There’s a lot of speculation that the original New Forest Coven prohibited him from writing about certain subjects and ritual techniques, and therefore he had to pad the text. For those who doubt the existence of Gardner’s initiating coven the argument is that “he hadn’t made it all up yet,” so he couldn’t put it in the book.

          When he describes the magickal system of English Witches it’s recognizable as Modern Wicca. His writings on voodoo in the new world as being somehow related to that English practice aren’t really a part of the modern day conversation. His books are truly a mixed bag.

          Did Gardner want his tradition to evolve in the way it did? I think so, mostly, and I think he would be proud of how its grown. I know not everyone is happy with some of the more inclusive definitions of Wicca, but even the most eclectic circle has elements in common with his ritual magic system.

        • http://silvercircle.es/ Alder Lyncurium

          Bwavo! That’s why it is called “orthopraxy”. The Craft is always different, from coven to coven, and even from initiate to initiate.
          And yes, talking about trad wicca there.

          Apart from that, I don’t believe in 202, 303 books :) To me, personally, the 202 is figure out how that which you have “learned” (or rather read) can be helpful and useful in your daily life. Now, that’s the big deal!

          • Lēoht Sceadusawol

            But did Gardner want difference or was he after orthopraxy? I am asking from a point of ignorance, but the answer is pretty important, to me, as it means the difference between respectful evolution and disrespectful bastardisation.

          • http://silvercircle.es/ Alder Lyncurium

            I am not very fond of assuming what he would have wanted. I personally beliefe that he was quite orthopraxic in the way he taught the Craft, in they way each of his HPS developed it, always keeping a few core “practices” but also evolving with time :) I don’t think he was after orthopraxy, at all!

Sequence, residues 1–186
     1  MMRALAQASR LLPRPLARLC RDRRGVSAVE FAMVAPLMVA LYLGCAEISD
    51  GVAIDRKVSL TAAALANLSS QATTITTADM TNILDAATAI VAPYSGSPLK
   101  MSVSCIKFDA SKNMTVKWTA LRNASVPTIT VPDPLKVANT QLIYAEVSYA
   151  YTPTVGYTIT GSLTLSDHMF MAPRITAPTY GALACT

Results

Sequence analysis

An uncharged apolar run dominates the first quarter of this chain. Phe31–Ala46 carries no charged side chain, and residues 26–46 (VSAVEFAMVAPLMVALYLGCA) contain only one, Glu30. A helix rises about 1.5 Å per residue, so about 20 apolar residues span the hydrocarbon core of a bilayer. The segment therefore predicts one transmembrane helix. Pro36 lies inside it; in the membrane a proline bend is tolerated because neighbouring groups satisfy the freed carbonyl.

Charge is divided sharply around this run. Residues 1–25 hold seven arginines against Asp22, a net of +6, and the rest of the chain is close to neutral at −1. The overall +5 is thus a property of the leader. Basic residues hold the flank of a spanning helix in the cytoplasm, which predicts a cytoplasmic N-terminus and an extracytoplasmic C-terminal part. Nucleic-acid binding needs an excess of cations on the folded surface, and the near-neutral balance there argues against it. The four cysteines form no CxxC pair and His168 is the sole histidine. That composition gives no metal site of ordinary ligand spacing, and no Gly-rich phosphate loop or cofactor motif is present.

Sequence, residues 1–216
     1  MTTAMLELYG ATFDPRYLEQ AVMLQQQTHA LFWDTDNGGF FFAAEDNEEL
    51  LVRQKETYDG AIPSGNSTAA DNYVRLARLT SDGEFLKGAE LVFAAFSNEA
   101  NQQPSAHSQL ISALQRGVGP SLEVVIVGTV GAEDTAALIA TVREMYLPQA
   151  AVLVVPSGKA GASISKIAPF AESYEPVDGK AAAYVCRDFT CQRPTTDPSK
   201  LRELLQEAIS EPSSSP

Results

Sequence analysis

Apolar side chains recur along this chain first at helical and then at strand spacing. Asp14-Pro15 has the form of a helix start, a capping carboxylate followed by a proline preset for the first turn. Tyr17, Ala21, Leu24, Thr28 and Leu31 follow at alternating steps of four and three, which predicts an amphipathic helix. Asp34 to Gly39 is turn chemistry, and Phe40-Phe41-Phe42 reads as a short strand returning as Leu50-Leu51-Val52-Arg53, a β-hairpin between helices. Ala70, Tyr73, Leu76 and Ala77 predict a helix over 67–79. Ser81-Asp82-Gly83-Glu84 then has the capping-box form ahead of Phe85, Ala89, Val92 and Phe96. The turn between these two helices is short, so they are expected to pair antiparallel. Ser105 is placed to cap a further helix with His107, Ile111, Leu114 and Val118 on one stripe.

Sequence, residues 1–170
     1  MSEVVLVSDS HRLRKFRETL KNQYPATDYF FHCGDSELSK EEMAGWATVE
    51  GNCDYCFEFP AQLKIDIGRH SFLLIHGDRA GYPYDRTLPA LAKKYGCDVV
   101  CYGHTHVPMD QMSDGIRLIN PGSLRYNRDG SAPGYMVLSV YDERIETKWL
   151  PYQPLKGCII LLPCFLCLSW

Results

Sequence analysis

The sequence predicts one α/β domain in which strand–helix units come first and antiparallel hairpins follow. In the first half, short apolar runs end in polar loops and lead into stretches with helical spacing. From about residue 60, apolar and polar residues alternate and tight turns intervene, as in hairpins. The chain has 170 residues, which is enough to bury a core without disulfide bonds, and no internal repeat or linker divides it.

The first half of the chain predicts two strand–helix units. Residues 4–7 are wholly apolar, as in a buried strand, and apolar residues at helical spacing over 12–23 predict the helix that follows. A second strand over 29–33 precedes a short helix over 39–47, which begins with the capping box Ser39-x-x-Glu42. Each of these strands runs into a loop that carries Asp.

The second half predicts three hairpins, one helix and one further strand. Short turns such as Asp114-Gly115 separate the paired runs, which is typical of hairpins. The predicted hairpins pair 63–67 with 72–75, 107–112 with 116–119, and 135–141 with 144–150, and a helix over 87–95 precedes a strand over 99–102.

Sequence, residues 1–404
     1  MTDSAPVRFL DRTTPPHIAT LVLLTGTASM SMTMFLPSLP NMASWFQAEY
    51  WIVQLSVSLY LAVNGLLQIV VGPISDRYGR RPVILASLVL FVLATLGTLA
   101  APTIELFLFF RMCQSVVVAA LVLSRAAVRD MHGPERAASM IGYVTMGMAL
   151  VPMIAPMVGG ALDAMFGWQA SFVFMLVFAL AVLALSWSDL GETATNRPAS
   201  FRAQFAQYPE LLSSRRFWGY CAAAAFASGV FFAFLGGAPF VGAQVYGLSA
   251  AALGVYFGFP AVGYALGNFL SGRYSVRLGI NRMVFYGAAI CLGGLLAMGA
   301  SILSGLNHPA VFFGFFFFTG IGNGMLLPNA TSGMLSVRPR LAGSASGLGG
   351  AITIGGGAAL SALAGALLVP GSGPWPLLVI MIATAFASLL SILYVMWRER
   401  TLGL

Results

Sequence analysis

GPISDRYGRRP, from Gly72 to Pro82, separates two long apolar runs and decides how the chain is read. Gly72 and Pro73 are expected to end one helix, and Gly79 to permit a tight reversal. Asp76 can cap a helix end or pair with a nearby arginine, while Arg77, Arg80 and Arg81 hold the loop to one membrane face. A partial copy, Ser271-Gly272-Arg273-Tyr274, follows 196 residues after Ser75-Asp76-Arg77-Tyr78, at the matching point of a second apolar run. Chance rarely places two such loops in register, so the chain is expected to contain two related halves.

• Lēoht Sceadusawol

            Assumptions are seldom a good idea, but educated guesses (with an admission of fallibility) can be of interest.

            I am not entire sure I am following what you are saying.

            He was orthopraxic, himself, but was not likely concerned with orthopraxy in others?

          • http://silvercircle.es/ Alder Lyncurium

            Apologies for the confusion. I was trying to avod stating something about him – that’s why there’s a missing bit there (He was …….. and was quite orthopraxic in the way he taught the Craft).
            Well, if I am to assume, I would say he was definitely an orthopraxic person, and the biggest example of a true eclectic. He took what he allegedly received, and added bits the he considered useful. He took from here and there and created a whole religious system.

          • Lēoht Sceadusawol

            Which people have, essentially, taken apart again.

            This is of interest to me, as I am trying to codify my own system, at the moment. I know I will be pissed as Hel if people then think it is okay to tear it apart, since they only want the shiny bits.

          • Anna H.

            He really was not very orthopraxic. He tinkered with his own rituals.

        • Anna H.